In continuation of the commemoration of the 10th anniversary of the ASEAN Commission on the Promotion and Protection of the Rights of Women and Children (ACWC), the ASEAN Studies Center UGM conducted a Diplomatic Briefing discussing the Commission’s work in the past decade and future outlook of its work. This event was held virtually on Friday, 9 October 2020, also with the support of the Embassy of the Kingdom of the Netherlands and FORUM-ASIA.
Carrying the same theme, namely “Solidifying the Role of Think Tanks and CSO in the Advocacy to Strengthen the ASEAN Commission of Women and Children (ACWC)”, the forum invited the insights, experiences and thoughts from the audience on ways to further the cause of promoting the rights and protection of women and children in the region.
The meeting commenced with opening remarks delivered by Dr. Dafri Agussalim, Executive Director of ASEAN Studies Center UGM, followed by speech by Prof. Roel van der Veen, Head of Political Affairs of the Embassy of the Kingdom of the Netherlands, and also Shamini Darshni Kaliemuthu, Executive Director of FORUM-ASIA to launch the Report of FORUM-ASIA titled Assessing the Commission’s Impact on Protecting Women and Children’s Rights in ASEAN. Dr. Dafri emphasized the importance of promoting, ensuring the rights of women and children as they are an integral part of a thriving community. The success of ASEAN in empowering and protecting the rights of women and children will likely lead us to become a successful region in the future. In line with this, Prof. van der Veen also stated the commitment of the Netherlands to always support ASEAN in reinforcing its regionalism, where it can be achieved by having strong regional institution that can ensure and protect the rights of its citizens, including women and children.
The discussion session of the Diplomatic Briefing was moderated by Andy Yentriyani Commissioner of the Committee for the National Commission on Violence Against Women (Komnas Perempuan). To start the discussion, Rachel Arinii Judhiastri, FORUM-ASIA, highlighted several key findings on FORUM-ASIA Report on the ACWC+10 including the fact that only 25% of the 2016-2020 Workplan had been implemented. This was due to several challenges in the region such as the Rohingya crisis, other human rights abuse towards marginalized groups, and lack of engagement in CEDAW and CRC reporting which clearly affected the responsiveness of ACWC in addressing issues relating to human rights of women and children. However, ACWC had also achieved notable milestones such as the Declaration on the Protection of Children from all Forms of Online Exploitation and Abuse in ASEAN, the campaign on Trafficking in Persons and also the nexus to Violation Against Women. Therefore, as she also emphasized, there is a need to have strong regional mechanism which can accelerate the efforts in achieving gender equality, particularly within the Southeast Asia region.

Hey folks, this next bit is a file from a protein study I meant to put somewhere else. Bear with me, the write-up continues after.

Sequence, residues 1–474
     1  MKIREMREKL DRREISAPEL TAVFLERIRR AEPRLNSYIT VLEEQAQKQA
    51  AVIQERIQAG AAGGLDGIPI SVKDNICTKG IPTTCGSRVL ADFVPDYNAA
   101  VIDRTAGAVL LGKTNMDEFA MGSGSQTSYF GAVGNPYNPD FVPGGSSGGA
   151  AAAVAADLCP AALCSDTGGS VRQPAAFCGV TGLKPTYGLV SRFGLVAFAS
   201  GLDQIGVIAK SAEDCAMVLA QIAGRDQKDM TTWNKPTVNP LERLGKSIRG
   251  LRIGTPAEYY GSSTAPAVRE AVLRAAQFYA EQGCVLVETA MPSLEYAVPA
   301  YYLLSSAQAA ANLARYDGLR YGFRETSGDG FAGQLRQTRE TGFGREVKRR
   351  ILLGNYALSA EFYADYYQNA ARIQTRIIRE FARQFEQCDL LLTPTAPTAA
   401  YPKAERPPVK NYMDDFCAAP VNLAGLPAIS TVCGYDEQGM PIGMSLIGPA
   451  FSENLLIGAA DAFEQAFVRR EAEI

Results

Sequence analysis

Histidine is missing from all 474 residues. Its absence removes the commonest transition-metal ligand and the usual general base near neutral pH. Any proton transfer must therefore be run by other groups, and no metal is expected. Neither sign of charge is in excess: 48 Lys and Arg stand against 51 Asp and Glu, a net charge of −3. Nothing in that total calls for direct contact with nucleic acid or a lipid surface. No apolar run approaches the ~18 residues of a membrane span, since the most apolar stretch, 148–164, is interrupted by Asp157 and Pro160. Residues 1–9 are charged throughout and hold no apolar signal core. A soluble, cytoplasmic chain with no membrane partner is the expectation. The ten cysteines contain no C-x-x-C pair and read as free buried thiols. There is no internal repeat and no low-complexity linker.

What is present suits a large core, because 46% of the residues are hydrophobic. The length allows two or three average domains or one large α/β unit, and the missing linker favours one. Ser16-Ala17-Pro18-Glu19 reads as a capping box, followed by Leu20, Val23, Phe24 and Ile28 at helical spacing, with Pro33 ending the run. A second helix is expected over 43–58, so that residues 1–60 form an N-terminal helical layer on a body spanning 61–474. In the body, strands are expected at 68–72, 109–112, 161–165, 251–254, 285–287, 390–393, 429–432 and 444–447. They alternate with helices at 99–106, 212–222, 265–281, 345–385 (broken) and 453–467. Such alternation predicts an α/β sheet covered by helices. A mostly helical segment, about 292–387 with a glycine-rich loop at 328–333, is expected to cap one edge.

Agustina Kustulasari, Senior Fellow, ASEAN Studies Center UGM, highlighted how ASEAN principles have hindered the decision making process and implementation of regulations and conventions related to the human rights issues, such as the rights of women and children. Therefore, to address this situation carefully, several recommendations included to involve more policy actors and media as the fourth pillar of democracy which can bring public opinions into the agenda setting and accelerate policymaking processes in the region. Engagement with the media in campaigning sensitive journalism will help amplify the use of appropriate terms when advocating issues to the government. She also mentioned the importance of involving the academia in conducting research related to the concerns of ACWC . This will help nudge ASEAN governments to place the issue of women and children, higher in the regional agenda.
H.E. Dr. Ratchada Jayagupta, ACWC Thailand, as respondent, focused her presentation on the implementation of ACWC TOR in Thailand. The ACWC Thailand had endorsed the ACWC gender sensitive guidelines on handling women victim of human trafficking in 2016, and translated the guidelines into Thai. A pilot project for capacity building was also conducted where it involved officials and CSOs working together on advocating particularly on anti-human trafficking. ACWC Thailand also attempted to increase the visibility of ACWC through various social media and channels to provide information and regular activities of the commission, as well as making the channels as a direct communication platform with all ACWC Representatives. The dialogue was then followed with a Q&A session where it discussed the hindrances of substantive engagement between ACWC and other ASEAN bodies, CSOs, think tanks, and also donors within the region. In general, during the ten years of the ACWC journey in advocating rights for women and children, the engagement with ASEAN mechanisms and other CSOs in the region had faces various challenges including limited resources, staffing in implementing its activities and overall support from ASEAN member countries. The limited visibility of the information about ACWC also may be one of the factors that affected the quality of the substantive engagement with the bodies, compared to other ASEAN human rights mechanisms.